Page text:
The growth factor TGFbeta (transforming growth factor beta) was initially characterized as a repressor of cellular proliferation. However, studies over the last few years have highlighted another striking property of TGFbeta, which is its capacity to enhance development of the extracellular matrix and formation of metastases from primary tumors. Our understanding of TGFbeta signaling mechanisms has advanced substantially with the identification of the SMAD proteins that transduce TGFbeta signals from the cell membrane to the nucleus where they regulate transcription. Activation of these inducible SMADs occurs through a series of serine phosphorylations mediated by TGFbeta receptors. Other members of the SMAD family act antagonistically downstream of TGFbeta and participate in feedback regulation loops. The fact that members of the TGFbeta family are involved in biological processes as diverse as development, cell proliferation and the immune response can be explained by the intricate regulation of TGFbeta signaling, which involves tissue specificity as well as synergy with distinct signaling pathways. The dual role of TGFbeta as regulator of cellular proliferation and metastasis inducer opens novel possibilities for the use of TGFbeta signaling as a target for cancer therapy.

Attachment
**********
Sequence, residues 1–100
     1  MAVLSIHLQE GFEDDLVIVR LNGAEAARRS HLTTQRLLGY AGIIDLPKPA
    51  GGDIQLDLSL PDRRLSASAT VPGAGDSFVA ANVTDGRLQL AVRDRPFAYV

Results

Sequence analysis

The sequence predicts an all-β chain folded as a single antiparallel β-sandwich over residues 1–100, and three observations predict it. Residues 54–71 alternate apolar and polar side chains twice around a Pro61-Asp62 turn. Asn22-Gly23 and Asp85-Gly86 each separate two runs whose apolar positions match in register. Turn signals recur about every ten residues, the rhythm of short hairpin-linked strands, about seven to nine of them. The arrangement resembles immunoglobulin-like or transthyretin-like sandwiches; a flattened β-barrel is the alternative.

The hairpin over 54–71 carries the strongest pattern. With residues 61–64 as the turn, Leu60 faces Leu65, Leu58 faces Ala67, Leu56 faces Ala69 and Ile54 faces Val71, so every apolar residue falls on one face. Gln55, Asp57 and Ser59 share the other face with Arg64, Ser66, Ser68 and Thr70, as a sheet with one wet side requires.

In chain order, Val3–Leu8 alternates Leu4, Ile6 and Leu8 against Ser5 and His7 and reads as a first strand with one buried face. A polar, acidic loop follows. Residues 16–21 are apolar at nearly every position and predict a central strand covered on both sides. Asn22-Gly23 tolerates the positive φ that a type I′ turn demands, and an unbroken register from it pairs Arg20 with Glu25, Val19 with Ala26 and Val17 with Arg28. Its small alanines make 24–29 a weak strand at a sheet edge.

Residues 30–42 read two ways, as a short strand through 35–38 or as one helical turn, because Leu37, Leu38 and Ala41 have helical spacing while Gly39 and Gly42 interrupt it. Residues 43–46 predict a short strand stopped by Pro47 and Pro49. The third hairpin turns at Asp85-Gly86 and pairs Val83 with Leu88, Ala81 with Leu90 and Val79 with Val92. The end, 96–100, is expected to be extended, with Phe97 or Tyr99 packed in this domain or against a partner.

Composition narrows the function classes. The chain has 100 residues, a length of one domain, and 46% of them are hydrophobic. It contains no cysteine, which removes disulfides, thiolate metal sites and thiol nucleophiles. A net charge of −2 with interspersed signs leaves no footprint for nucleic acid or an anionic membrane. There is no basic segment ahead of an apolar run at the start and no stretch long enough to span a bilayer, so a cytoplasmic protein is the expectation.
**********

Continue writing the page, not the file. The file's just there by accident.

[Cellular signaling in response to TGFbeta: the paradox of a factor that blocks cell proliferation and enhances metastasis]
Vignais, M. L.
1999-11 / vol 86 / pages 903-10
Phosphorylation; Ligands; Neoplasm Invasiveness; Signal Transduction/*physiology; Extracellular Matrix/physiology; Trans-Activators/metabolism; Transforming Growth Factor beta/*physiology; Cell Division/*physiology; DNA-Binding Proteins/metabolism; Neoplasm Metastasis/*physiopathology; Receptors, Transforming Growth Factor beta/metabolism